The essay deals with the bitter polemics between Neo-Ahl al-Ḥadīth and Sheikh Yūsuf al-Qaraḍāwī, a well-known legal scholar in the contemporary Muslim Sunni world. In addition to analyzing the substantial claims made by one party against the other one, the essay focuses on the rhetorical devices used by both parties. It analyzes these devices in light of theories of Pragmatics in the field of discourse analysis, with special attention to the distinction between a “discussion” and an “argument.” My main finding is that Qaraḍāwī’s critics seek to ruin his public “face” because, in their view “modernist-reformist” religious figures like Qaraḍāwī are agents of Western-oriented secularization, camouflaged by a pseudo-orthodox juristic dress.
PolkaSagi2013411The Principles of the Wasaṭiyya according to the Teachings of Sheikh Yusuf al-Qaradawi.” An abstract of a lecture submitted for a conference on Modern Islamic Thought in Israel organized by the Konrad Adenauer Project for Jewish-Arab Cooperation and held at Tel Aviv University on 4 July
BrownHadith251–6. Mutawātir is a type of hadith report narrated from generation to generation by such a large number of narrators in each generation that possibility of collusion of those narrators on a forgery is non-existent.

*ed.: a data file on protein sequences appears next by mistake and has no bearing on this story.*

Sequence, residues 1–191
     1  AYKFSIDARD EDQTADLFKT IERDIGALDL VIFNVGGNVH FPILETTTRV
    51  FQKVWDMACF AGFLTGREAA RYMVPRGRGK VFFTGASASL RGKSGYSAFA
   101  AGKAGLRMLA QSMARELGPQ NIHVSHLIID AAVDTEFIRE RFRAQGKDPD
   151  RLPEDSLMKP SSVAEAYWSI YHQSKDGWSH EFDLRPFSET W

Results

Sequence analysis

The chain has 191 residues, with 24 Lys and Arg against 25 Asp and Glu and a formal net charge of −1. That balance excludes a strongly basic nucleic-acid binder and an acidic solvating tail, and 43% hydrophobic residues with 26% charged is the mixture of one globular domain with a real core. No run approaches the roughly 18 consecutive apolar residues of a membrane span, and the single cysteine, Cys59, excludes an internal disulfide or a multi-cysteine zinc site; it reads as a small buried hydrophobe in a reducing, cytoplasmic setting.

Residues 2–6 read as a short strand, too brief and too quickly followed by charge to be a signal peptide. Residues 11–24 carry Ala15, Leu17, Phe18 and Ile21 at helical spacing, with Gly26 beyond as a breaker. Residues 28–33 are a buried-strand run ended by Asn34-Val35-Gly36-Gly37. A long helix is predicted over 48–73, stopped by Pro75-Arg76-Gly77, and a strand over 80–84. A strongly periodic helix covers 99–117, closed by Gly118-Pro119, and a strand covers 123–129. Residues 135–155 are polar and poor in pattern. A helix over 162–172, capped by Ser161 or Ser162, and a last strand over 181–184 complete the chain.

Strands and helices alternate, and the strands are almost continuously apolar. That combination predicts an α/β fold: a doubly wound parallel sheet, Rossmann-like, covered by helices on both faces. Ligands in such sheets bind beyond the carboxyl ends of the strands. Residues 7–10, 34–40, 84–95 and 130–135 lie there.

BrownHadith261–3. On the emotional and intellectual proximity between Q and his mentor and later his colleague Muḥammad al-Ghazālī starting from Q’s days as a student at al-Azhar see Skovgaard-Petersen 32; Gräf 217; al-Khateeb 85–6 91 97 100–1. It is worth mentioning that like Q al-Ghazālī was fiercely attacked by the Salafis following the publication of his book al-Sunna al-nabawiyya bayna ahl al-fiqh wa-ahl al-ḥadīth (The Prophetic Sunna between the jurists and the partisans of hadith). Salafi authors published approximately thirty works to refute al-Ghazālī’s accusations against them that had been included in his above-mentioned book. See Tamam 73.
QKayfa nataʿāmal maʿa al-Qurʾān206–7. Q holds that interpretation of the Quran by the Quran should work together with interpretation of the Quran by the Sunna. See ibid. 220–8. Brown (Hadith 260–1) associates this harsh critic of the NAH’s exclusive reliance on the hadith to Muḥammad al-Ghazālī. The latter defined by Brown as a significant representative of the “Late Traditionalist Sunnis” holds that the legal method of the NAH is simplistic and “childish” and that it creates chaos in the field of legal interpretation. Late Traditional Sunnis respect the conclusions of traditional hadith criticism. However they stress that reevaluation of the content of the hadith is also required. They hold that the ultimate authority on questions of the validity the understanding and the application of the hadith is reserved to jurists not to hadith critics. Finally they avoid those traditions that are regarded as inconvenient by modern societies or by the West by interpreting them allegorically or by arguing that these traditions have been never actually implemented. See Brown Hadith 263.